This reminds me of David Hicks' argument for dogma, in Norms and Nobility. I don't have my copy handy to quote from, but he makes this same point--that the starting place for learning to think and argue is acceptance or belief in something. I think the underlying nugget of truth behind the idea might be that by believing something, we are giving intellectual assent at a deep level to the idea that there is Truth at all. In general, our culture rejects the idea of absolute truth--it's all relative. There's "your truth" and "my truth," but nothing solid and universally True, and this idea of little-t "truths" which don't apply to everyone gives young people the hopelessness which arises when there is no Truth (even when they don't or can't express it clearly). By embracing a dogma--even if it has to be corrected and refined by questioning or further learning--you are actually embracing the idea that capital-t Truth exists, and that makes an enormous difference in intellectual and spiritual growth.
I believe it was in my recent reading of The Liberal Arts Tradition that I was struck by something quoted about grammar... Okay, I found it on my blog--forgive me for quoting a bit of my blog post here:
It would be so, so easy to gloss over that while reading this book, but you shouldn't. You really shouldn't. Without reading a word further, you should stop right there and think for a while about why that would be so. Why would "believing" in grammar support a belief in God---make it difficult to "get rid" of God? Just working out a hypothesis for that yourself will alter your perspective of grammar forever, I think.
Speaking of grammar, Charlotte Mason wrote:
It requires some effort of abstraction for a child to perceive that when we speak, we speak about something and say something about it; and he has learned nearly all the grammar that is necessary when he knows that when we speak we use sentences and that a sentence makes sense; that we can put words together so as to make utter nonsense, as,--- "Tom immediately candlestick uproarious nevertheless"---a string of words making perfect nonsense and therefore not a sentence. If we use words in such a way as to make sense we get a sentence; "John goes to school" is a sentence. (Philosophy of Education, p. 209)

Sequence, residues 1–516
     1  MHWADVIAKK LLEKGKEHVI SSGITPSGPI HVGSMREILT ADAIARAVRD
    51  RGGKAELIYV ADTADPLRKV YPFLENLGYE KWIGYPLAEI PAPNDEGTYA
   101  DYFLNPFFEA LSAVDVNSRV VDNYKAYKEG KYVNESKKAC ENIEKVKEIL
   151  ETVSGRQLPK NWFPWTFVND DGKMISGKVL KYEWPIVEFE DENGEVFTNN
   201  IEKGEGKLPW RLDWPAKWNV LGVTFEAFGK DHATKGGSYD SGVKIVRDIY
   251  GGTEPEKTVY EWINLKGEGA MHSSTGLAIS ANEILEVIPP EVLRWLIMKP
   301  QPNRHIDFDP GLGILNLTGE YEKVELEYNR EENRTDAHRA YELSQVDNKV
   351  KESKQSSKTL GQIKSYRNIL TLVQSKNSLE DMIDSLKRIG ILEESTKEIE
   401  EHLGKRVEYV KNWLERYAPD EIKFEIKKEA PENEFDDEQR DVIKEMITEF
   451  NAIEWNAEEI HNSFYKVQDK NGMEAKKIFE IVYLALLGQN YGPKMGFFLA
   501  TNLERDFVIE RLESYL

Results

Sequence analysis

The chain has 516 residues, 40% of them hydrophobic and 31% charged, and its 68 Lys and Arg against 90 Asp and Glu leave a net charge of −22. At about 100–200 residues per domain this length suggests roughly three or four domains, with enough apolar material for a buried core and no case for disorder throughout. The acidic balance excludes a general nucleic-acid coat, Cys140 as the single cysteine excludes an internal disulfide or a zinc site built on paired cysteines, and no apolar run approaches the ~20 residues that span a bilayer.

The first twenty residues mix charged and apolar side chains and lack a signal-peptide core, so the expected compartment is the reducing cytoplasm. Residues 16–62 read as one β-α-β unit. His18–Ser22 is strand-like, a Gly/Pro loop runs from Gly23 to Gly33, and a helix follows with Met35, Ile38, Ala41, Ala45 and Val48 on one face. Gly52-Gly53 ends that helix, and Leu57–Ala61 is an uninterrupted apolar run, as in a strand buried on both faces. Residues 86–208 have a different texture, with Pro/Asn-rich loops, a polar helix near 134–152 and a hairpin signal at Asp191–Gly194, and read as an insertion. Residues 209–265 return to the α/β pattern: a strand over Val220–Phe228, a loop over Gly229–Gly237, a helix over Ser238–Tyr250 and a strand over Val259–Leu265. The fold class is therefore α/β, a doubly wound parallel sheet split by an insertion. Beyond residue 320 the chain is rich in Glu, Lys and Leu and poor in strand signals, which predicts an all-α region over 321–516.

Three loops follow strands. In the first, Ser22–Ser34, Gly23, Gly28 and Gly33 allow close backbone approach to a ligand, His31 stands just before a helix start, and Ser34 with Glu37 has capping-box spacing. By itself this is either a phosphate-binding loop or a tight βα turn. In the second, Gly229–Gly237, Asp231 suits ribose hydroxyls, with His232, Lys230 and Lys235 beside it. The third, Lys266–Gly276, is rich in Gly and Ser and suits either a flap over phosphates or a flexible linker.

Why do you suppose Charlotte Mason says that is "nearly all the grammar that is necessary"? (In practice, her students learned more detail than that!) I think it is because it cuts to the heart of language and reveals the inherent structure of language, without which there could be no communication at all, no sense. It is the very logos of language, not of English alone, but all language. And that is why Nietzsche fretted about grammar making it difficult to dispense with God, who alone could create such an order, such a law, like the law of gravity, which no one can break. There are different types of grammar, but they share certain inherent properties, for which I refer you to Augustine. A noun is a noun in any language, and it may be that the contemplation of noun-ness rather than memorizing a definition and identifying random nouns is what makes grammar a university-level art.
I quote all of that just to underscore my agreement with the idea that teaching the liberal arts as arts is the best foundation for thinking, and "critical thinking" is probably a misnomer.